The basic notions of Mackinder's doctrine involve considering the geography of the Earth as being divided into two sections, the World Island, comprising Eurasia and Africa; and the Periphery, including the Americas, the British Isles, and Oceania. Not only was the Periphery noticeably smaller than the World Island, it necessarily required much sea transport to function at the technological level of the World Island, which contained sufficient natural resources for a developed economy. Also, the industrial centers of the Periphery were necessarily located in widely-separated locations. The World Island could send its navy to destroy each one of them in turn. It could locate its own industries in a region further inland than the Periphery could,so they would have a longer struggle reaching them, and would be facing a well-stocked industrial bastion. This region Mackinder termed the Heartland. It essentially comprised Ukraine, Western Russia, and Mitteleuropa. The Heartland contained the grain reserves of Ukraine, and many other natural resources. Mackinder's notion of geopolitics can be summed up in his saying "Who rules East Europe commands the Heartland. Who rules the Heartland commands the World-Island. Who rules the World-Island commands the world." His doctrine was influential during the World Wars and the Cold War, for Germany and later Russia each made territorial strides toward the Heartland.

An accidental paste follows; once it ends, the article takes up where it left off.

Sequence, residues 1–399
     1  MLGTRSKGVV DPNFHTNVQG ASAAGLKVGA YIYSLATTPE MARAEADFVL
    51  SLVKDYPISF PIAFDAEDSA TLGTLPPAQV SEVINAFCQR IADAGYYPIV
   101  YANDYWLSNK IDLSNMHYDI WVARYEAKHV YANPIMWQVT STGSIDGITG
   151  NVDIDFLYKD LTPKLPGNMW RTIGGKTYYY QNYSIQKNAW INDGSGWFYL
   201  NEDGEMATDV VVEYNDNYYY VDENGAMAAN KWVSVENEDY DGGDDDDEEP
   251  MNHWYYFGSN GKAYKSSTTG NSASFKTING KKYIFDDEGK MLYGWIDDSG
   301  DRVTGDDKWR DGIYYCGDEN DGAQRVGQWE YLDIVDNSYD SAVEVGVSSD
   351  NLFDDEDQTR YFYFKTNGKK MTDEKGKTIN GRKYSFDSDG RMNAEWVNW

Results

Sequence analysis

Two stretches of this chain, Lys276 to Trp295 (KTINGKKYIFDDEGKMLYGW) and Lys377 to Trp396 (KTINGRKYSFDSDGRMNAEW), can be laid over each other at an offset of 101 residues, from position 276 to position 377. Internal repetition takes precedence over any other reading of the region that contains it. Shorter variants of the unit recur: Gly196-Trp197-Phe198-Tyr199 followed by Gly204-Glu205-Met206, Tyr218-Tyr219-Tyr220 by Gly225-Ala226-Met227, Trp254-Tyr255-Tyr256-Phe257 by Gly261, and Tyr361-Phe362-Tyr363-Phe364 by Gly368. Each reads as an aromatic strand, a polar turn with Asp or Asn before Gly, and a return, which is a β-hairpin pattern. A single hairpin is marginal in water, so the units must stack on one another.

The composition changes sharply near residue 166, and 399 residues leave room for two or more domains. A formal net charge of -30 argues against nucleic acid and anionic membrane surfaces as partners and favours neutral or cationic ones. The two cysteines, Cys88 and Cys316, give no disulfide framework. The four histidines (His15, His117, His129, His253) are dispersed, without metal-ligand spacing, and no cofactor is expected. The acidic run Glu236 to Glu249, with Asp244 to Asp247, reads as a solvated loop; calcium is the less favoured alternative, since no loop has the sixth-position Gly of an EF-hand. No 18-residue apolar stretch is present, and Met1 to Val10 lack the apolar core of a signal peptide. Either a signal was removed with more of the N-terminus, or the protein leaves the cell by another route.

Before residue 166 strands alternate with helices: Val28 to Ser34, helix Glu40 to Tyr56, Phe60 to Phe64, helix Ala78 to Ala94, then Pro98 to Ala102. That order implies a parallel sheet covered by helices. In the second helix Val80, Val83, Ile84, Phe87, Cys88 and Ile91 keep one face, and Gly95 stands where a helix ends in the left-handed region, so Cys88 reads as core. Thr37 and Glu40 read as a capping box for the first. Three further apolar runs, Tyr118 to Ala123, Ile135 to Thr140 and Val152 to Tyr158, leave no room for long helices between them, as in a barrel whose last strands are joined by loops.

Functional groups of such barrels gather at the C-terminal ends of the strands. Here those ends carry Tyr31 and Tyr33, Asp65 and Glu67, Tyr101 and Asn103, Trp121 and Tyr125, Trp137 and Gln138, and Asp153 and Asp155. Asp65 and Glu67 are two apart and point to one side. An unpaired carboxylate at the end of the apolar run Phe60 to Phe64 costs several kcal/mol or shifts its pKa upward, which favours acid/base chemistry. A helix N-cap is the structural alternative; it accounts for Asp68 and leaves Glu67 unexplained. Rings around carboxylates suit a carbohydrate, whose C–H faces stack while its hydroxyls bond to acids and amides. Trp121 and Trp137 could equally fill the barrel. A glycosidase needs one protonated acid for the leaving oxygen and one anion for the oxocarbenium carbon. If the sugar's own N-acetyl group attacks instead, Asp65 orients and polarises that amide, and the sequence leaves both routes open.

Mackinder's geopolitical theory has been criticised as being too sweeping, his interpretation of human history and geography too simple and mechanistic. In his analysis of the importance of mobility, and the move from sea to rail transport, he failed to predict the revolutionary impact of air power. Critically also he underestimated the importance of social organization in the development of power.